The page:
# Easy Putnam Question [closed]

I am in high school and have been trying to solve this problem for a few days. There should be no advanced calculus. I believe that there are no functions that work, but I can’t figure out how to prove that using math for every type of function. Any help would be appreciated. Here is the qustion:

Find all continuous positive functions, $$0\le x \le 1$$ That satisfy: $$\int_0^1f(x)dx=1$$ $$\int_0^1f(x)xdx=\alpha$$ $$\int_0^1f(x)x^2dx=\alpha^2$$ where $$\alpha$$ is an arbitrary real constant

Thanks for any advice.

• Welcome. Strange to title “easy” when you in fact find it hard. You should provide a description of what the problem is in the title itself Jun 19, 2022 at 20:34
• hint: since $f$ is positive and normalized, it is a probability distribution. Use the problem information to calculate the variance of $f$ Jun 19, 2022 at 20:46
• Equivalent to the intuition about probability, $\int_0^1f(x)(x-\alpha)^2\,\mathrm{d}x=0$ and the positive continuous criterion yields $f(x)(x-\alpha)^2\equiv0,f\equiv0$ which contradicts the hypotheses Jun 19, 2022 at 20:52
• It's here and I remember it has been posted on this site as well but couldn't find the duplicate. Jun 19, 2022 at 21:29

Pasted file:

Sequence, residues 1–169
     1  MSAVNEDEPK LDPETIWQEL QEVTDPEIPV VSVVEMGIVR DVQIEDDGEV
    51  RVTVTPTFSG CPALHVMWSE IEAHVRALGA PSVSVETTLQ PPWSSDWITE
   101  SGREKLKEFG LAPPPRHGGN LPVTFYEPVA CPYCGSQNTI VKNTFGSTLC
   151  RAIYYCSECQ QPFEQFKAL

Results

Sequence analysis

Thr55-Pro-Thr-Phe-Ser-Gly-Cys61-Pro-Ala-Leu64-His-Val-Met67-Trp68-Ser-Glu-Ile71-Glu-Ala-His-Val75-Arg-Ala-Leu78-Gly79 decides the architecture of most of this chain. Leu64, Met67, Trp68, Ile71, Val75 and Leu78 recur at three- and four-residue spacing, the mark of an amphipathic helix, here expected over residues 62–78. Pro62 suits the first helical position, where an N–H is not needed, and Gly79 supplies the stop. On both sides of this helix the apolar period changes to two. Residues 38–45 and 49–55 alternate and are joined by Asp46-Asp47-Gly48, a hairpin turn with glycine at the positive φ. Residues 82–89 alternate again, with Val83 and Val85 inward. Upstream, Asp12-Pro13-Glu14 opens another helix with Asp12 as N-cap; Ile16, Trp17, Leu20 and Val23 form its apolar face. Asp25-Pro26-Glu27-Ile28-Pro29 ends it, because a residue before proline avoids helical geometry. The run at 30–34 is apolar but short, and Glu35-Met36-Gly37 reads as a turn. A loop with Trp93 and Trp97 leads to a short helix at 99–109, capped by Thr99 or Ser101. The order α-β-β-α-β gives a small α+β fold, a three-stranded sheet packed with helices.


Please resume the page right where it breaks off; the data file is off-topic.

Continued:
• I don't suppose that this is the intended answer, but if we allow the Dirac delta function and $0<\alpha<1$ then $f(x)=\delta (x-\alpha)$ does the trick. Jun 20, 2022 at 10:32

Call the integrals $$I_1$$, $$I_2$$, $$I_3$$ for convenience.

$$I_1 = \int_0^1 f(x) \text{dx} = 1$$

$$I_2 = \int_0^1 xf(x) \text{dx} = \alpha$$

$$I_3 = \int_0^1 x^2f(x) \text{dx} = \alpha^2$$

Then $$\alpha^2I_1 - 2\alpha I_2 + I_3 = \alpha^2 - 2\alpha^2 + \alpha^2 = 0$$.

But also, $$\alpha^2 I_1 - 2\alpha I_2 + I_3 = \int_0^1 \alpha^2f(x) - 2axf(x) + x^2f(x) \text{dx} = \int^1_0(\alpha-x)^2f(x)\text{dx}$$.

Therefore $$\int_0^1 (\alpha-x)^2 f(x) \text{dx} = 0$$, which forces $$f(x) = 0$$. Which means that $$I_1 \neq 1$$ so no function $$f$$ exists.